BridgePort did a good job with Supris (a Belgian-style pale ale), so I thought they'd come through with Fallen Friar as well. In the end, I feel like I've been too hard on a beer that I'm enjoying quite a bit. A few well-chosen tweaks might turn this American tripel into something to be reckoned with.

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Photo of womencantsail
3.97/5  rDev +5.3%
look: 3.5 | smell: 4 | taste: 4 | feel: 4 | overall: 4

A: The pour is a light golden color with a slight haze and a nice white head that dies away somewhat quickly.

S: The nose is fairly yeasty, which I was a bit surprised by. A touch of funk and oak along with some fruity pear, apple, and citrus notes.

T: The flavor is nicely sweet like you might expect from a tripel with a touch of dryness from the Brett and oak barrel. Apples, citrus, and mild spice provide some more of the tripel character.

M: We'll call this one medium in body with a moderate but lively carbonation.

D: A pretty nice beer. The partial barrel aging and spiking of Brett really added a little something different to this one that I enjoyed.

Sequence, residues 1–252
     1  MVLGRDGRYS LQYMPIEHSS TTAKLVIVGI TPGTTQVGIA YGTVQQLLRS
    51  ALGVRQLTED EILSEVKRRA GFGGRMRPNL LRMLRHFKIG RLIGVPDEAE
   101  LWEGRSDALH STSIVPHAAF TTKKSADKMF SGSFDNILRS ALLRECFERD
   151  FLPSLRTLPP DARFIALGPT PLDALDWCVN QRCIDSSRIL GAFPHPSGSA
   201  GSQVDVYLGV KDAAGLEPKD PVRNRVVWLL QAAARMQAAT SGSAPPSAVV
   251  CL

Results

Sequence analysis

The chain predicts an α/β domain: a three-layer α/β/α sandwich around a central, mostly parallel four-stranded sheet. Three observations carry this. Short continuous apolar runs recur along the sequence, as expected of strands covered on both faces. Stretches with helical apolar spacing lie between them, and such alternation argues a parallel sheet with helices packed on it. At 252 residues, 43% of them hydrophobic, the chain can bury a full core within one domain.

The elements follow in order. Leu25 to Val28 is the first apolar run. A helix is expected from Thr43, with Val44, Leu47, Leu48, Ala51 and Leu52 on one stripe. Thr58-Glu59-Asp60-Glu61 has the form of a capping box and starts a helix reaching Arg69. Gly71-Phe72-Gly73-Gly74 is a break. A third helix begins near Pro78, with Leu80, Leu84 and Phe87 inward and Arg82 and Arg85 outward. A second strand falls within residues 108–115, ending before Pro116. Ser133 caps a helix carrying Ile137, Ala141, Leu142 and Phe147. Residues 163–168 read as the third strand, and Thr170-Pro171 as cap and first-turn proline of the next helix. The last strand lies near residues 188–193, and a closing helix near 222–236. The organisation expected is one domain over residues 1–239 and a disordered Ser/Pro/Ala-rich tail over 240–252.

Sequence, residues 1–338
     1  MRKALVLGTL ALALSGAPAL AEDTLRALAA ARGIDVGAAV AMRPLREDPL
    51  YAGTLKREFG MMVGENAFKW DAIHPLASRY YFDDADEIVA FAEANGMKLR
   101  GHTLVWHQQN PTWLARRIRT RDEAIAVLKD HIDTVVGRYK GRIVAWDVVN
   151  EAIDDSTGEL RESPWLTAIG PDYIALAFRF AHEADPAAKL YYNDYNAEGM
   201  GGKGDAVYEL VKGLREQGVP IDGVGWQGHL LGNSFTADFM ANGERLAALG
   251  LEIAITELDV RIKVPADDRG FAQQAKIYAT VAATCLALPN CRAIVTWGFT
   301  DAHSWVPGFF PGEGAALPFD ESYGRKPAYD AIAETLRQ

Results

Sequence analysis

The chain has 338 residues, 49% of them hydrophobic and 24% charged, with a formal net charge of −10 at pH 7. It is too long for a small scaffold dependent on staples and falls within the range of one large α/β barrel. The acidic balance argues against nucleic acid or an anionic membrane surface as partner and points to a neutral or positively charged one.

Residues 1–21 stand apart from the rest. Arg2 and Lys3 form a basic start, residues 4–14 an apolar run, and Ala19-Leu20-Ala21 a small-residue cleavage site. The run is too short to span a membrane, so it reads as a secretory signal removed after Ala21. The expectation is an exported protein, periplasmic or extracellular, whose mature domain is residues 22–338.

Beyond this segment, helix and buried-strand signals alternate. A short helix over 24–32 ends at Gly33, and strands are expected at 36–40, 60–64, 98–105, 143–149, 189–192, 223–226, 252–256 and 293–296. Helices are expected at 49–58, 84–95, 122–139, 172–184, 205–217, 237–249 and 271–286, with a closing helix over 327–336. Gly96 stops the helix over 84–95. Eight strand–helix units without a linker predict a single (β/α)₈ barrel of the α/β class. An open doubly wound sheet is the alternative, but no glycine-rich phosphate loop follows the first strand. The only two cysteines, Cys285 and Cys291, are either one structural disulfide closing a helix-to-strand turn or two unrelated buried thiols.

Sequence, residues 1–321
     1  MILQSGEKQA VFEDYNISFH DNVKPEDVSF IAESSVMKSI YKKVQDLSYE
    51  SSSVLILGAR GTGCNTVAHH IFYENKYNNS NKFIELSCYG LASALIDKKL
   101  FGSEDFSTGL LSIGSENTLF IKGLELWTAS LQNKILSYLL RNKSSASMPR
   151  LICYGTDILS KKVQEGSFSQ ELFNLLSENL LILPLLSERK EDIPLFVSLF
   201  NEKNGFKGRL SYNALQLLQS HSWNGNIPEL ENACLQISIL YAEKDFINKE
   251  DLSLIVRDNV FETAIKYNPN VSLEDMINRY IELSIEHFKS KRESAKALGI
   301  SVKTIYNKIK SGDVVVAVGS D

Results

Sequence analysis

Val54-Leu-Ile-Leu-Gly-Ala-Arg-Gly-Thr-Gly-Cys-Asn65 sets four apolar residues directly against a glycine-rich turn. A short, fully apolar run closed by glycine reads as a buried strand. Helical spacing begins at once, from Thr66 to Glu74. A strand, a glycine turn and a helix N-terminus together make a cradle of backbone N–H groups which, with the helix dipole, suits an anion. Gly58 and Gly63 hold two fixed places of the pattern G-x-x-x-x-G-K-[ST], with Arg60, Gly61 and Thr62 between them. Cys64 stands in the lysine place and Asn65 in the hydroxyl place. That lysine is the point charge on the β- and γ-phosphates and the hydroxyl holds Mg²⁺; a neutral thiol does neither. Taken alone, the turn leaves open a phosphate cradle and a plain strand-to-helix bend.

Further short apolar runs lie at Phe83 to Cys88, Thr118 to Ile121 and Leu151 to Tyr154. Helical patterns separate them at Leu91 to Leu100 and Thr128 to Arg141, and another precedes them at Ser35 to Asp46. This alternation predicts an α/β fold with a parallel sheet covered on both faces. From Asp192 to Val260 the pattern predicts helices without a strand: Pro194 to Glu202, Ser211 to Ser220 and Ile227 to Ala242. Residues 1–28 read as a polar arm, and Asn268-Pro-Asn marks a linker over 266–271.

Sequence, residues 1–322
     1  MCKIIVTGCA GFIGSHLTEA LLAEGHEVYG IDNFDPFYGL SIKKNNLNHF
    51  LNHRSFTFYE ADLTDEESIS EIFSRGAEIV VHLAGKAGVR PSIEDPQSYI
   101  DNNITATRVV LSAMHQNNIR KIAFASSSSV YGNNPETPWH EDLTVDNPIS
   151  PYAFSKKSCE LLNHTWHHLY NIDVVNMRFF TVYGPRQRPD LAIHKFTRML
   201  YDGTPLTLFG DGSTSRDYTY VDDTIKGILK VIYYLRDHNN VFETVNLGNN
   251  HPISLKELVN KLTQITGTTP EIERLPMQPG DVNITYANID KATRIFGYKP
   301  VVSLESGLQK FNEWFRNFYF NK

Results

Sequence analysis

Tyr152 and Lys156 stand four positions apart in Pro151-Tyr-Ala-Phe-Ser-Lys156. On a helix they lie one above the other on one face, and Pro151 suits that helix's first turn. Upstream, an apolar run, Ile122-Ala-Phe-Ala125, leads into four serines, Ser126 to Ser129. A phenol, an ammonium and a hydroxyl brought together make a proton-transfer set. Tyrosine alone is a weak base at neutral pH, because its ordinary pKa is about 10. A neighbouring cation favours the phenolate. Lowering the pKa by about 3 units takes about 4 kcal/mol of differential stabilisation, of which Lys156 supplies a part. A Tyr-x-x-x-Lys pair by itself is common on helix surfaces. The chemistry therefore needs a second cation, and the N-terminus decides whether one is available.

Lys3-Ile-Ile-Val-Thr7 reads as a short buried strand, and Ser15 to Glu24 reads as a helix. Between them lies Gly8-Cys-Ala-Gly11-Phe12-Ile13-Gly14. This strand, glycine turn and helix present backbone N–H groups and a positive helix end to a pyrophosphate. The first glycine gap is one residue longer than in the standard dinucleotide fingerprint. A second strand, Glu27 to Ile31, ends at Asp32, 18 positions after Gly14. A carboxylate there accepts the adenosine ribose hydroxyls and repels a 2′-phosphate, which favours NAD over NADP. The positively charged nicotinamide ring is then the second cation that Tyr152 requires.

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Photo of stevoj
3.63/5  rDev -3.7%
look: 3.75 | smell: 3.75 | taste: 3.5 | feel: 3.5 | overall: 3.75

Bomber from Boise Co-op. Dark golden, with sudden high head, which rapidly dissipates. First knock, the style needs to hold a big head. Aroma is in the ballpark, yeast, cloves. Taste carries these notes forward, sweet, slightly savory. Slick mouthfeel. Peppery finish.

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Photo of Wasatch
3.83/5  rDev +1.6%
look: 4 | smell: 3.5 | taste: 4 | feel: 3.5 | overall: 4

Thanks goes out to msubulldog25 for this brew.

Pours a nice cloudy golden yellow color, nice carbonation, nice little fizzy white head, with minimal sticky lacing to follow. The nose is malty, with some yeast, very slight oak, spice. The taste is slightly sweet, malty, yeasty, getting some oak notes, and some spice. Medium body. Drinkable, a nice little brew.